Learn more about Breast Cancer and Life Saving Mammographies
Prepare for your Mammography
Before you schedule a mammogram with us, we recommend that you
discuss any signs, symptoms, findings or problems in your breasts with your doctor. In addition, inform your doctor of any pertinent history,
including prior surgeries, hormone use, or family or personal history of breast cancer.
When you're ready to set up your appointment, don't schedule your mammography for the week before your period if your breasts are
usually tender during this time. In that case, the best time is one week following your period.
American Cancer Ssociety also has these recommendations:
- Do not wear deodorant, talcum powder, or lotion under your arms on the day of the exam. This can interfere with
the mammogram by appearing on the x-ray film as calcium spots.
- Describe any breast symptoms or problems to the technologist performing the exam.
- If possible, obtain prior mammograms and make them available to the radiologist at the time of the current exam.
- Ask when your results will be available.
When Should a Woman Get a Mammogram?
Breast cancer strikes about 180,000 American women yearly and kills about 44,000, according to both the American
Cancer Society (ACS) and NCI. Next to skin cancer, breast cancer is the most frequently diagnosed cancer in women in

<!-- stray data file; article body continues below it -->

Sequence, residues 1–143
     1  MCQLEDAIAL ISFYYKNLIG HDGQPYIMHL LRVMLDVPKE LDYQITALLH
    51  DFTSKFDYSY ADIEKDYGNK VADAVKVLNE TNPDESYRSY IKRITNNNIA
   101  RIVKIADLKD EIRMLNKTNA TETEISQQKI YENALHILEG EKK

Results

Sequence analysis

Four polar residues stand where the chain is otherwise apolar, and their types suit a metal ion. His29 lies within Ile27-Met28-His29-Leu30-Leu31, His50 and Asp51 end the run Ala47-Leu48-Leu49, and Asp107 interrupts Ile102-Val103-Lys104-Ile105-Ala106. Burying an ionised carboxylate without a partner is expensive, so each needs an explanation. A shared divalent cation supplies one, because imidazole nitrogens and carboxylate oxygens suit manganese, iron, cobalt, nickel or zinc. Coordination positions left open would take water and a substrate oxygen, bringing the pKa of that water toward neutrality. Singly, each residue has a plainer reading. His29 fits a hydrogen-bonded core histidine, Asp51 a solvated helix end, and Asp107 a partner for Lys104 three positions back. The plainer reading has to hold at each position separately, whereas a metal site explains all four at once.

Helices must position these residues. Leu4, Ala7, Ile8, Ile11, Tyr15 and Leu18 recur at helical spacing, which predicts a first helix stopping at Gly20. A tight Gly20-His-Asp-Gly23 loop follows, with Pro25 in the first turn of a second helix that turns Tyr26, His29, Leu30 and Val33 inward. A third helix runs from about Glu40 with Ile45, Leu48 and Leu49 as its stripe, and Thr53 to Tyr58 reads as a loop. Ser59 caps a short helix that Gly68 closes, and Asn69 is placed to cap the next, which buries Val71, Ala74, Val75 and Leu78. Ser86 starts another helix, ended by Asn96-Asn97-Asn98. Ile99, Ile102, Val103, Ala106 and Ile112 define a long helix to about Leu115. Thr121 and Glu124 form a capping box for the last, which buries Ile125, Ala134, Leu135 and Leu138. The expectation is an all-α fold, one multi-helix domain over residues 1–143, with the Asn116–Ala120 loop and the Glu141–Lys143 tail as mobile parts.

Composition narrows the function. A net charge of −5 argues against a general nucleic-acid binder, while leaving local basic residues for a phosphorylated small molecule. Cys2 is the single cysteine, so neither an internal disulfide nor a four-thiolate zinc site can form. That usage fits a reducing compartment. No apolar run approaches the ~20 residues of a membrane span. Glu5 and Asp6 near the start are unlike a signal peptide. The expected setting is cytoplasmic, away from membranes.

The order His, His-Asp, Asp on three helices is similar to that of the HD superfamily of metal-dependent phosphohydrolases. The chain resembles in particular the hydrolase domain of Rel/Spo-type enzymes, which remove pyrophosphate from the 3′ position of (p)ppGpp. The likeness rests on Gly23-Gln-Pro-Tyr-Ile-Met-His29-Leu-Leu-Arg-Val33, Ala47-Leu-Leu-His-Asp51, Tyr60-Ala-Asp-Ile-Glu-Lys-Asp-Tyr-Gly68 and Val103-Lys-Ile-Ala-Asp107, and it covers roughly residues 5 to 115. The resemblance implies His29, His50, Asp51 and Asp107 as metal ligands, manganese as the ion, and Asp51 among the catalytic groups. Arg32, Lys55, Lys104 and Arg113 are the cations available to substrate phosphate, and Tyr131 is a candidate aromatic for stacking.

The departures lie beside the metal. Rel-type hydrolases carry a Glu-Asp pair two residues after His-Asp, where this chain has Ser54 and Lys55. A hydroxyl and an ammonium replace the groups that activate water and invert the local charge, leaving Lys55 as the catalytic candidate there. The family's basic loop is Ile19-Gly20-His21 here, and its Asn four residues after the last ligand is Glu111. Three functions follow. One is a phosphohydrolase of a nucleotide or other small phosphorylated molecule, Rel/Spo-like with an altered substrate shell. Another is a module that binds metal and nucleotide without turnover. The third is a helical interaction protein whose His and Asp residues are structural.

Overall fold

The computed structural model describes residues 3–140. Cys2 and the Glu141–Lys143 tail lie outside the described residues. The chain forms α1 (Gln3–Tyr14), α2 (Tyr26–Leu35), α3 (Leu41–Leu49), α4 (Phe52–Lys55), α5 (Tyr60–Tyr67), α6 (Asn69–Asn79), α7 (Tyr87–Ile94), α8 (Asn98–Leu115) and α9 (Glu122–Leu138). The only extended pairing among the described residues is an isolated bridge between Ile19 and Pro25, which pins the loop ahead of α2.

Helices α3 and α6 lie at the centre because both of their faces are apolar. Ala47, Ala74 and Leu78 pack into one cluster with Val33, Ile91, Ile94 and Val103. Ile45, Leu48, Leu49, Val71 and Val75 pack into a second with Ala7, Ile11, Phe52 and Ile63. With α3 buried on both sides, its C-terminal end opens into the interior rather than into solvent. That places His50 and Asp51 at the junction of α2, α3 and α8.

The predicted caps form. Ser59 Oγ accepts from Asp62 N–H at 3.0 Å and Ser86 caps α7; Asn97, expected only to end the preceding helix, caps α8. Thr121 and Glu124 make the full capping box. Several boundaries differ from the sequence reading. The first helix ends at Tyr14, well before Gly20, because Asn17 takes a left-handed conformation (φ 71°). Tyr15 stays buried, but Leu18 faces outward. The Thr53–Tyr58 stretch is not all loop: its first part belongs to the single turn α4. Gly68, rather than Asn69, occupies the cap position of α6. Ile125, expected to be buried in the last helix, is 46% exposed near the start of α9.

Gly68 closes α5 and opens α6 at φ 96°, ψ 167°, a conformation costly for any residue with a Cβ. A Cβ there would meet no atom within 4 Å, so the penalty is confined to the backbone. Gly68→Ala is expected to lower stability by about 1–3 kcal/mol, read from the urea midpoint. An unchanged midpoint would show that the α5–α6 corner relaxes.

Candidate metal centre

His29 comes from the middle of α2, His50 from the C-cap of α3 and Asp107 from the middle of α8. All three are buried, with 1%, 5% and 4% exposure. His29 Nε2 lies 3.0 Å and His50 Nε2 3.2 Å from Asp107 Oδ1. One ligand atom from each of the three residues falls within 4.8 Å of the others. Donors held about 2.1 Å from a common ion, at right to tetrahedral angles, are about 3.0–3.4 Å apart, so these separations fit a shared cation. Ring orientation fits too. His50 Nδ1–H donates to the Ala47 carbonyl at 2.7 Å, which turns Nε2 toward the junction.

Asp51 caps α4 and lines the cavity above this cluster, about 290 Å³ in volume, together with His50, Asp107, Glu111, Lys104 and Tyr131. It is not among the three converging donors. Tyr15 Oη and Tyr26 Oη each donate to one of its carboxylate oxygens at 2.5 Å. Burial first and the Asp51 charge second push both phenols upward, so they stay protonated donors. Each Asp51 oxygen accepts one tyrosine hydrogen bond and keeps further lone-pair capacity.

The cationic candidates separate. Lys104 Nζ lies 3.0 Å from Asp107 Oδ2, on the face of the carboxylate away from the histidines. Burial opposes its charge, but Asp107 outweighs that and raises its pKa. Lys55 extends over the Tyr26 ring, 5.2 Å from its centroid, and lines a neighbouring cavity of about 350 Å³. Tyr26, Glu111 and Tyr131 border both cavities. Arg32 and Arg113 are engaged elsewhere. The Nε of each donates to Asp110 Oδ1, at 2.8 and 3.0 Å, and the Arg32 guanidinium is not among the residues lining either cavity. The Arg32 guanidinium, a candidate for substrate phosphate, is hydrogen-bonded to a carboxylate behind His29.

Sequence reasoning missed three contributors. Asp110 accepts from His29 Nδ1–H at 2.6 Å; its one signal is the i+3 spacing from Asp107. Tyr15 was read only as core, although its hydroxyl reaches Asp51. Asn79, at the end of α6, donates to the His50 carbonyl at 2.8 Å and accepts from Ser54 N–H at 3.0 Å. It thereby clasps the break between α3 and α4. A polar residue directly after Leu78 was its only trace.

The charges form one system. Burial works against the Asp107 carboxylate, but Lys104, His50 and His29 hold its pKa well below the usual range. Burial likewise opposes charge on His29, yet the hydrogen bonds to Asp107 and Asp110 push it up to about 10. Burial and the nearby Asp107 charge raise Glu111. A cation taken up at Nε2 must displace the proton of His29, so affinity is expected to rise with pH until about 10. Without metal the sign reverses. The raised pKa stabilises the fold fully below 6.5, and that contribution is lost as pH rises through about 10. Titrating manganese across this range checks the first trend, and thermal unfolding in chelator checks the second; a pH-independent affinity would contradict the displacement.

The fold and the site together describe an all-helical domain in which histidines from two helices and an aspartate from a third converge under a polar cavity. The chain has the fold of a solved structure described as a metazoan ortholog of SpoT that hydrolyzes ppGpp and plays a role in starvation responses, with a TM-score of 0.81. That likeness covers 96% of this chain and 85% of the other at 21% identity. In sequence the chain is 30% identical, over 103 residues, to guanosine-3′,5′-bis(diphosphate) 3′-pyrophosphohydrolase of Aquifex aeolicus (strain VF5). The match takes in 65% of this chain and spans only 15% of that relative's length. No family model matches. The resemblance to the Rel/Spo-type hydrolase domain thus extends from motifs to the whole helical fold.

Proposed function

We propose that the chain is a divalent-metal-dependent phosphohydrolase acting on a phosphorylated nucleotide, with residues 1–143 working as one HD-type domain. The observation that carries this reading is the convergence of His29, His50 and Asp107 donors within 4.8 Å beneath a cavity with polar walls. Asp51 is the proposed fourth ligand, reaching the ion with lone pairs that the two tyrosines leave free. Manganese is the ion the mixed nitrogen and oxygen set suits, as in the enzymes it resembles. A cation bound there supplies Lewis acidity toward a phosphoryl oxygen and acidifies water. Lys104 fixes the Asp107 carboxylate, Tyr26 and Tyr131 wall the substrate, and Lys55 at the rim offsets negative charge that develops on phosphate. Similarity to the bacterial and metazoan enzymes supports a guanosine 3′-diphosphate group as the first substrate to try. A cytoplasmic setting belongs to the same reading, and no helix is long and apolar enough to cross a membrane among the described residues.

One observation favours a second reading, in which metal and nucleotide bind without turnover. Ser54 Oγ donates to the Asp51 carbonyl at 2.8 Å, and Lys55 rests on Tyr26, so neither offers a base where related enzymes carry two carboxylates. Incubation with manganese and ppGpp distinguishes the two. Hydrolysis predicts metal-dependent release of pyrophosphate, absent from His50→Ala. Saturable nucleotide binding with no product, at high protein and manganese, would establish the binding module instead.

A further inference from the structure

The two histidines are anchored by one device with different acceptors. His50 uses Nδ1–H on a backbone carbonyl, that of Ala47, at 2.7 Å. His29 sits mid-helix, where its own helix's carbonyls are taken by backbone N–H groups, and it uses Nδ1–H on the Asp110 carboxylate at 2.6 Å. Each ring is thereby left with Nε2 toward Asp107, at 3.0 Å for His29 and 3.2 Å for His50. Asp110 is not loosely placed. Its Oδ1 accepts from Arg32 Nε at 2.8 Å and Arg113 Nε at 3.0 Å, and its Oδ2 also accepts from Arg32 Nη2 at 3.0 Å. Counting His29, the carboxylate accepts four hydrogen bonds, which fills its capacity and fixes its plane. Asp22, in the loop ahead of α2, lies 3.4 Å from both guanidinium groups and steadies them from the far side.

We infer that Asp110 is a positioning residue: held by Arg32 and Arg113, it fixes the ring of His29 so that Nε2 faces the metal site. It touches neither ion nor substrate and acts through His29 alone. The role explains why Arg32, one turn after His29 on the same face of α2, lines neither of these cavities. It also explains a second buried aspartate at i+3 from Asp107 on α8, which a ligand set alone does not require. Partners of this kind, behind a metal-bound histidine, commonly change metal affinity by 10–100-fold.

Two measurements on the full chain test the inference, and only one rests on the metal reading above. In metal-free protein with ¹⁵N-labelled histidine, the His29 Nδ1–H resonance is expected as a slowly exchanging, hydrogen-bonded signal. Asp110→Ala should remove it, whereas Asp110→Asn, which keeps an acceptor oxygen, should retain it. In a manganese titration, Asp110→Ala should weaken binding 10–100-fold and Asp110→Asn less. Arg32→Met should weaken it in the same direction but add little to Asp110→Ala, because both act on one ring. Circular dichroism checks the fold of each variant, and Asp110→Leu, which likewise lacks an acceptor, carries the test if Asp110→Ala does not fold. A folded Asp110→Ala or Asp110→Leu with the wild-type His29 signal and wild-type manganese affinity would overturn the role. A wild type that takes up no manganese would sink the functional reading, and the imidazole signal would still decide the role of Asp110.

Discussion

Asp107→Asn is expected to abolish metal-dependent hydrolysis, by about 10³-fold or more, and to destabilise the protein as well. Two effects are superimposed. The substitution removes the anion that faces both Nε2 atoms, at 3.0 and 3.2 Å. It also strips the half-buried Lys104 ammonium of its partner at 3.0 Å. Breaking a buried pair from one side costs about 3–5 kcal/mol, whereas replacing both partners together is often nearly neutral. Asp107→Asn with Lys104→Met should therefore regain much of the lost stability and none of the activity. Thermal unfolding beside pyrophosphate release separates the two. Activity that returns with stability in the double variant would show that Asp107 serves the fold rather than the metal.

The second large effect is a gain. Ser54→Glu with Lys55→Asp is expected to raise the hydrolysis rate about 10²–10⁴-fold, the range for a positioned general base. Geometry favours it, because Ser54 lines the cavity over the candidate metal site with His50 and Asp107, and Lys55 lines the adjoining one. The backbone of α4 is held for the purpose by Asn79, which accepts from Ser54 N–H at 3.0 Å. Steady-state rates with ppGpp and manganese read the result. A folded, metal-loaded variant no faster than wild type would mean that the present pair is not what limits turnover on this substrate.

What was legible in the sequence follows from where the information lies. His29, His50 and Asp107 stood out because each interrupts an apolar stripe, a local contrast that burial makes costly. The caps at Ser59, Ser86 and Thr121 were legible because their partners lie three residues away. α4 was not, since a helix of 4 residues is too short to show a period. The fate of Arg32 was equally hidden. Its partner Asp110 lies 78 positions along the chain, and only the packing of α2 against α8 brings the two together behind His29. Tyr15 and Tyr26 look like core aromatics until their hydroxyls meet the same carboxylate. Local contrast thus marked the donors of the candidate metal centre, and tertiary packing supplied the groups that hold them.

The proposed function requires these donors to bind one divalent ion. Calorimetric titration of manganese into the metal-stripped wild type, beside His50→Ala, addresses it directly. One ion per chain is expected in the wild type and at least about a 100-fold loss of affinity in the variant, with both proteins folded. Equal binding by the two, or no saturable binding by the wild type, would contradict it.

the United States. It is second only to lung cancer in cancer-related deaths. Although the risk of developing the disease
increases as a woman gets older, it can occur in young women and even in a small number of men.
While there has never been a disagreement on the health benefits of annual screening mammographies for women age
50 to 69 according to ACS, there has been a split among health-care organizations about when and how often women in
other age groups should get a mammogram. Current guidelines from ACS recommend women age 40 to 49 have a routine screening mammogram every one to two years, with the first one beginning at age 40.
NCI agrees that women in their 40s who are at average risk for breast cancer should have a screening mammogram
every one to two years. In addition, the institute says women who are at increased risk due to a genetic history of breast
cancer, or who have had breast cancer, may need to get mammograms at an earlier age and more frequently.
Our board-certified, registered technologists and support staff are ready to work hard to win and maintain your loyalty. You can truly count on our commitment to excellence.
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